White Supremacists Inspired by Trump Primed to Do Something More Daring Than Charlottesville, Experts Warn

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A white supremacist wears a shirt with the slogan "European Brotherhood" at a rally in Charlottesville, Virginia, on August 12. Joshua Roberts/Reuters

Americans should be concerned about "daring" actions by white supremacists inspired by the "bile" of President Donald Trump's rhetoric and the civil war brewing in the Republican Party, according to two experts on white supremacism.

British scholars Clive Webb and Robert Cook, of the University of Sussex, sounded the alarm about the "resurgent" neo-Nazi movement in the latest episode of the university's Trump Watch podcast.

"The far-right is resurgent...with a president that espouses demagoguery and bile," said Webb, a historian of white supremacist movements. "That can only serve to energize the far right...making it more daring in its actions."

This rise of white supremacist movements comes as a "war for the soul of the Republican Party" is brewing in the GOP, added Cook, an expert on the Civil War.

"In the months to come, we will see Trump siding with the opponents of the Republican mainstream, and white supremacist rhetoric will undoubtedly play a very, very important role in those efforts on the part of the president," Cook said. "The president of the United States is giving at least implicit sanction to the conduct of people who should be far beyond the political pale."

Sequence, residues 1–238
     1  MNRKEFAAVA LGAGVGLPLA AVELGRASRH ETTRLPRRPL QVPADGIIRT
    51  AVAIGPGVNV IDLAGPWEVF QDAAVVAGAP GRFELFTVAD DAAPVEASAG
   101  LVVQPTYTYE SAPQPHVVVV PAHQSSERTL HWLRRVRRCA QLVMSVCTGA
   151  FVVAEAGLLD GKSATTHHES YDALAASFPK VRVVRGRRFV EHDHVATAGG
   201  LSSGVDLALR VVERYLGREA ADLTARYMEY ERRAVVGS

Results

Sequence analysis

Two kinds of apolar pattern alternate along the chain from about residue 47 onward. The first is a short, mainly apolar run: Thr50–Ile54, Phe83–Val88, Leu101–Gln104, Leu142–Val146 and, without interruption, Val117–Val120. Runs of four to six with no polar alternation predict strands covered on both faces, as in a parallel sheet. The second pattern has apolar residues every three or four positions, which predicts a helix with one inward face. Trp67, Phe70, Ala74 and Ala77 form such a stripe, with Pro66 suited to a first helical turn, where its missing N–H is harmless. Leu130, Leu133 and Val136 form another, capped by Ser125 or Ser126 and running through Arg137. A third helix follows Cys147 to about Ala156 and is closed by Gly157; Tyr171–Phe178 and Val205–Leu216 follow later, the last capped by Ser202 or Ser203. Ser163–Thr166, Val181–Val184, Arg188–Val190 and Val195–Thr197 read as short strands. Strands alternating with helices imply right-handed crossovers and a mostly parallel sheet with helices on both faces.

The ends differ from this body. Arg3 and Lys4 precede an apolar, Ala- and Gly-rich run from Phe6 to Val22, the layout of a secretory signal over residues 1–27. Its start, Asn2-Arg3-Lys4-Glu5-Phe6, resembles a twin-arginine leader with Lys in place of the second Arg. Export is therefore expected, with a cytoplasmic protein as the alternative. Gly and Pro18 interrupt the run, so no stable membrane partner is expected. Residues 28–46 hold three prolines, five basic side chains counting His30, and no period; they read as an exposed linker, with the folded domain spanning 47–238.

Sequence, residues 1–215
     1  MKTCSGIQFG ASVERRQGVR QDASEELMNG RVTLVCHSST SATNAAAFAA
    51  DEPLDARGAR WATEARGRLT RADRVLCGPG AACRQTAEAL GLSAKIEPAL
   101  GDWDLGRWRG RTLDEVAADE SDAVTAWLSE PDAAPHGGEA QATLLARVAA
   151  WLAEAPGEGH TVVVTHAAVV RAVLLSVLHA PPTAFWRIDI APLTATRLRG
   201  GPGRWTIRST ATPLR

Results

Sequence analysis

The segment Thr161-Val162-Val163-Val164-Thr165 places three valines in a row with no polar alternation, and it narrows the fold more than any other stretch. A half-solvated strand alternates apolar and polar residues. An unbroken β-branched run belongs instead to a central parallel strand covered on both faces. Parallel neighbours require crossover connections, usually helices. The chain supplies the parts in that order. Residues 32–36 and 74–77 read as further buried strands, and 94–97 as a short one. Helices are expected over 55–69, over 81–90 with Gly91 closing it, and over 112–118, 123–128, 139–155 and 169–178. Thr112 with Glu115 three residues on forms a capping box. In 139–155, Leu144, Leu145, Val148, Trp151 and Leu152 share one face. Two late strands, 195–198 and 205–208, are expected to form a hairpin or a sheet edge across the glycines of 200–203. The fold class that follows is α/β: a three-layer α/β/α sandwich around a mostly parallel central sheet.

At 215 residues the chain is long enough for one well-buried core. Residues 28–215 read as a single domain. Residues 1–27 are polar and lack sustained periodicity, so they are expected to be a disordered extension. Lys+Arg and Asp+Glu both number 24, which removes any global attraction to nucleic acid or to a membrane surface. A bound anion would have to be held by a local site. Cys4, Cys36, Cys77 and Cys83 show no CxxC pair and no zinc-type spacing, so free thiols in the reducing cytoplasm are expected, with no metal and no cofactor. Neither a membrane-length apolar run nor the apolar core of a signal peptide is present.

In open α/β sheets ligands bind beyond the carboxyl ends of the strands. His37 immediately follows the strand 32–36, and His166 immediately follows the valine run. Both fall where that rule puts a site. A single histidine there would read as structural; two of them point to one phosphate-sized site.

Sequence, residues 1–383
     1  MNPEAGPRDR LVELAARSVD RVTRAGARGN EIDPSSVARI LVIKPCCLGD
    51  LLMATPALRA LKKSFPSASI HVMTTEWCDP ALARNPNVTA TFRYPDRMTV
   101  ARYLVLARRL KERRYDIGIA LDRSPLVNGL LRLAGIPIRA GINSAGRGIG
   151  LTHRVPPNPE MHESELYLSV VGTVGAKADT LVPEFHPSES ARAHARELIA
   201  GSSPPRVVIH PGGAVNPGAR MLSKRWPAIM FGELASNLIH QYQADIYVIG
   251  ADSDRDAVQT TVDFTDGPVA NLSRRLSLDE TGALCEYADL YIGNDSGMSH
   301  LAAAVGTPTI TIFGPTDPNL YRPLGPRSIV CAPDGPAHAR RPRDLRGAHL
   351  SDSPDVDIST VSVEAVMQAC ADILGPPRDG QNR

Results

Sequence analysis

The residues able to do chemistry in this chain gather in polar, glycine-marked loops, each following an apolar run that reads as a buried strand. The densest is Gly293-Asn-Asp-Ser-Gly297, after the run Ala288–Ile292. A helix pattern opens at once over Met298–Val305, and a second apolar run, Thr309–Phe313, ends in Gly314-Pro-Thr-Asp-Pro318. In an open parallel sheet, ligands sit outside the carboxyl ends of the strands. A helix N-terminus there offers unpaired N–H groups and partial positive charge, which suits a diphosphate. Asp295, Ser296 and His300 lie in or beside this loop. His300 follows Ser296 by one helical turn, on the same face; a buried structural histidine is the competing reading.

Early this month, Steve Bannon, Trump's former White House chief strategist, who has returned to head Breitbart News, said he is targeting at least 15 establishment Republicans to replace them in the 2018 primaries with hard-right candidates loyal to Trump.

It all comes as the so-called alt-right white nationalist movement is on the march and emboldened. One peaceful counterprotester, Heather Heyer, was killed at the "Unite the Right" rally in Charlottesville, Virginia, in August by a car police say was driven by a white supremacist.

Related: Richard Spencer: Prepare for more white nationalist flash mobs

Former KKK leader David Duke said he was at the rally to "fulfill the promise of Donald Trump." During his 2016 campaign, Trump promised to crack down on illegal immigration and expel Muslims from the U.S.

Trump's equivocation in condemning the white supremacists drew condemnation from both Republicans and Democrats. The president blamed "both sides" for the violence—a comment that was praised by white supremacists.

With Trump in the White House, it "is an alarming situation in terms of how daring the actions of the far-right will become in the years immediately ahead," Webb said.

The Southern Poverty Law Center, which tracks hate groups in the U.S., calculates there are roughly 900 hate groups operating in the U.S. today. The group's research shows hate groups grew 17 percent from 784 in 2014 to 917 in 2016. And attacks against Muslims are up dramatically since Trump became a candidate in 2015.

These groups, said Webb, are gaining more influence, not only through Trump, but "through the power of social media" and hard-right media outlets like Breitbart.

In the meantime, elected officials try to douse the flames. Florida Governor Rick Scott declared a state of emergency in advance of white nationalist Richard Spencer's talk at the University of Florida this Thursday. The move will put extra police and emergency services at the ready in case violence breaks out.

Spencer was one of the organizers of the Charlottesville rally.

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